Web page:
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Every month More Voices invites readers to contribute short nonfiction prose pieces of 40 to 400 words on a healthcare theme.



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Krupa Harishankar

Reflections from the anatomy lab
overlooking Central Park

Reluctant, the same green

light over that copse of trees

and sheet of lawn glares and

bends through the lifted-open

cage of ribs, branched veins,

and cragged spine. Exposed,

my hands appear on the gurney

as a child's. The one across 

needled grass applauds small

palms, not distant, but sound

mutes here. Joy does not carry

heft like limbs of the corpse

before me. In layers of blue

latex, the uniform tint of a pond

rendered from afar--its depth

imprecise--I glove and delve

into the viscera, leaving this

abdomen a cavity. I wonder

what hands have touched you.

These muscles are oblique,

I know, I cannot hurt you or

the child done playing, lawn

darkened. You have passed

away. The child's short, hapless

stature may never have been. 

Memory dims. Child, body, we

keep no gender, no age. No color

can live in such an absence

of light. I know not how you

have remained with me, so

here: take my blue and green,

what shades I have. My hands

have not yet learned to save

for myself any sense of being.



About the poet:


Krupa Harishankar is a second-year medical student at the Icahn School of Medicine at Mount Sinai, in New York City. She earned her BA in creative writing from Columbia University, and her short works have appeared in such publications as The Brooklyn Review and Kartika Review.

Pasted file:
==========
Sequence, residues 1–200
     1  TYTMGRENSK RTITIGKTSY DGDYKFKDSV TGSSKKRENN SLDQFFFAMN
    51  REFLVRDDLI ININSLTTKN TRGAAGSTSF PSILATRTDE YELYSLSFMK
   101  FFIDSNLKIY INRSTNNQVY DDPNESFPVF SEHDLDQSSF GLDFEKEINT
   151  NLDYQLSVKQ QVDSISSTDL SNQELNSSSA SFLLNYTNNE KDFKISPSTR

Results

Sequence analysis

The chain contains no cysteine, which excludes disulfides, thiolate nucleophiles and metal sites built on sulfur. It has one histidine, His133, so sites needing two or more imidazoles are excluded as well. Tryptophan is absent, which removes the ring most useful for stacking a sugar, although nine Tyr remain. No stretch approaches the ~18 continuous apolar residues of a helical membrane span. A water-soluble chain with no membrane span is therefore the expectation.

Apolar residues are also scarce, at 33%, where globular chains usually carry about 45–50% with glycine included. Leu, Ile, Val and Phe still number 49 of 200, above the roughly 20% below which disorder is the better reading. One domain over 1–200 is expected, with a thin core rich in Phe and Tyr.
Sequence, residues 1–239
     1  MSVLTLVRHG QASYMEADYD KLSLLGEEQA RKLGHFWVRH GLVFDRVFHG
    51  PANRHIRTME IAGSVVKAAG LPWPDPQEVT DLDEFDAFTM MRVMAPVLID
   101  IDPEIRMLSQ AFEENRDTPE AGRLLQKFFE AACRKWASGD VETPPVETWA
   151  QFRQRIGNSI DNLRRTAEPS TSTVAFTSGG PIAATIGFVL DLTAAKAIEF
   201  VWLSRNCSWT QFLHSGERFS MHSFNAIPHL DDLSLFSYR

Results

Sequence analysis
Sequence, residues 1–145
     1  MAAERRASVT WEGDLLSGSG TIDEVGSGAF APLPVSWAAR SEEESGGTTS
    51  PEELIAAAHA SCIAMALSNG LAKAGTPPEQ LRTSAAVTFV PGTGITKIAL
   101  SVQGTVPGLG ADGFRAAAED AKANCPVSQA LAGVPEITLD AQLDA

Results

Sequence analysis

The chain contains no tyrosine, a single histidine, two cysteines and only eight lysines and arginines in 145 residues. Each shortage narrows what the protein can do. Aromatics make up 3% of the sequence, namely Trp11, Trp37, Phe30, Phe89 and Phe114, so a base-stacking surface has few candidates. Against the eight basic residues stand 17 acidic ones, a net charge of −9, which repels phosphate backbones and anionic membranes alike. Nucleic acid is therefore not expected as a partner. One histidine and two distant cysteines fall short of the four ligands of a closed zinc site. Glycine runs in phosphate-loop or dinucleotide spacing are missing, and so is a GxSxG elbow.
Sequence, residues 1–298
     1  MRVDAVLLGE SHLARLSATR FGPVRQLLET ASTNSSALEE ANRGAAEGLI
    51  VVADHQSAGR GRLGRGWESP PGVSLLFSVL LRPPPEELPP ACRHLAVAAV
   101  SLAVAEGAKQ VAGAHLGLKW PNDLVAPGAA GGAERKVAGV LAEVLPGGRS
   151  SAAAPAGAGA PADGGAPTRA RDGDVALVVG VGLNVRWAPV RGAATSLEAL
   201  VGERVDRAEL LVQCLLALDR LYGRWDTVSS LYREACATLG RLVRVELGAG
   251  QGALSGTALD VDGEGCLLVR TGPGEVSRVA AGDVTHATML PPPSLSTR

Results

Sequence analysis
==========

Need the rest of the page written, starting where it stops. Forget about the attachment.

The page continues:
About the poem:


"The experience of gross anatomy lab, so often regarded as a rite of passage for first-year medical students, provided inspiration and perspective for this poem. The stark contrast between the confines of lab and the vast expanse of Central Park that stretched beyond its windows reinforced the notion that, regardless of how many structures and mechanisms we were to learn in this space, we could not know the life paths our 'first patients' had walked out in the world."


Poetry editors:


Johanna Shapiro and Judy Schaefer


# Sheila Turken, MD 2014-09-06 09:59
Very good and thoughtful poem! Krupa, I hope you keep your lyricism intact and continue to write of your experiences in this way as you go through.. I look forward to hearing more from you!
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# Pris Campbell 2014-09-06 05:44
Stunning poem! Not only is she an amazing writer, the experience she shares really hits home.
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